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Engendering Equity in Biomedical Research by Meeting Communities Where They Are

By Rachele Hendricks-Sturrup

To address the root of both health disparities and community underrepresentation in biomedical research, it is mission-critical to teach early-stage career researchers how to empower underrepresented communities as partners in research while respecting and appreciating local history, context, and values.

As a researcher, I often encounter empirical studies in the literature that explore and experiment with institutionally– (versus community-) derived interventions that are meant to help boost underrepresented community engagement in biomedical research.

What if researchers took more time to intentionally harness their power and training to elevate, empower, and mobilize the voices of the communities they study to help design more impactful engagement interventions?

What if, instead of feeding into boilerplate notions around health disparities and equity research, early career researchers and their mentors empowered themselves, their peers, and underrepresented communities with knowledge and expertise to operationalize intent around addressing health disparities and equity through community empowerment and action?

A few researchers have accomplished this, which means we can learn from them today.

To illustrate and hopefully inspire the development of more community-focused efforts worldwide, I highlight two examples of biomedical research engagement endeavors in the United States, one of which is my own: 1) an academic and local African American nurse community partnership to develop ethical and actionable strategies to promote stronger African American engagement in precision medicine research to intentionally address health disparities and equity (collectively across two publications, Hendricks-Sturrup, et al.) ; 2) an academic and community-based nonprofit partnership to engage directly with low-income and marginalized communities in Nashville/Davidson County in Tennessee, and provide recommendations for engaging these underrepresented populations in biomedical research (Cunningham Erves, et al.).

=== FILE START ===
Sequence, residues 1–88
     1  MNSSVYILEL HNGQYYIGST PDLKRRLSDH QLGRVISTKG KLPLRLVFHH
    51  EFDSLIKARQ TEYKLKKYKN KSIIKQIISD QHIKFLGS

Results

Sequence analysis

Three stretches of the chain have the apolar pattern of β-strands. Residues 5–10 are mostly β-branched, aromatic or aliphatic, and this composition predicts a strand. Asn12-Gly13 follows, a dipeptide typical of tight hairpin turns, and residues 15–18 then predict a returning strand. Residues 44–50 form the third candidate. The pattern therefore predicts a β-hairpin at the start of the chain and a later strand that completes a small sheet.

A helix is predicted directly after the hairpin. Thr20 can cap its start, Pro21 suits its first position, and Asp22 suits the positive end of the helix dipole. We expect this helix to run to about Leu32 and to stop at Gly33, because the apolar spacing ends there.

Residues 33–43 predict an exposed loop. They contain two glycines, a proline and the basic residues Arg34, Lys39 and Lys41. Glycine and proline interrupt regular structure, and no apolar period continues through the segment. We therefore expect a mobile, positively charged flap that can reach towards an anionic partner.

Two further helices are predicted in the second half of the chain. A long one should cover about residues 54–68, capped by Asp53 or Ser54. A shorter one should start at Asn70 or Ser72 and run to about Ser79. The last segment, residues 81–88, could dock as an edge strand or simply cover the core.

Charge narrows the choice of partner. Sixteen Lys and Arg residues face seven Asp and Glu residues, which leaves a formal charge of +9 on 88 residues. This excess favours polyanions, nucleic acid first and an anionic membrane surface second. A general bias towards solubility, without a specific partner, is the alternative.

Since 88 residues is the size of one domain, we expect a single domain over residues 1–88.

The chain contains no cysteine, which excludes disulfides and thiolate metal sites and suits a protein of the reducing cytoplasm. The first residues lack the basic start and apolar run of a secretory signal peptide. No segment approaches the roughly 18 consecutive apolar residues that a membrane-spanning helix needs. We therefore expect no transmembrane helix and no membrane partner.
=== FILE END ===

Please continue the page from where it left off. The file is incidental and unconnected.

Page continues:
Each endeavor presents more than just a documented list of concerns among underrepresented communities engaged, but more importantly, a set of clear, actionable steps that can be translated into policy, research programming, and practice.

The table below illustrates a few examples of where and how, in both studies, community members’ concerns and actionable recommendations seemingly aligned. In these two studies, underrepresented communities were concerned about, among several other matters, 1) personal risks to participation and the responsible conduct of research, 2) effective communication barriers, and 3) cultural competency and humility. Recommendations to address these concerns centered on transparency; creating user-friendly communication tools and safe spaces for communication between researchers and community participants; and cultivating timely, authentic, and person-centered opportunities for engagement.


Table. Underrepresented Community Concerns & Recommendations for Biomedical Research Engagement

Underrepresented Community Concerns and Recommendations (Key Examples) Hendricks-Sturrup et al. Cunningham Erves, et al.
Concern #1 Accountability for responsible research conduct.


Informed consent.

Uncertainties of underrepresented populations regarding research participation.
Recommendation #1 Discuss historical research misconduct/mistakes before (not after) engagement. Transparency regarding risks of research to participants and community.
Concern #2 Language barriers.


What are effective ways to communicate with patients?

Ineffective communication about research opportunities and research findings.
Recommendation #2 Meet communities and individuals where they are.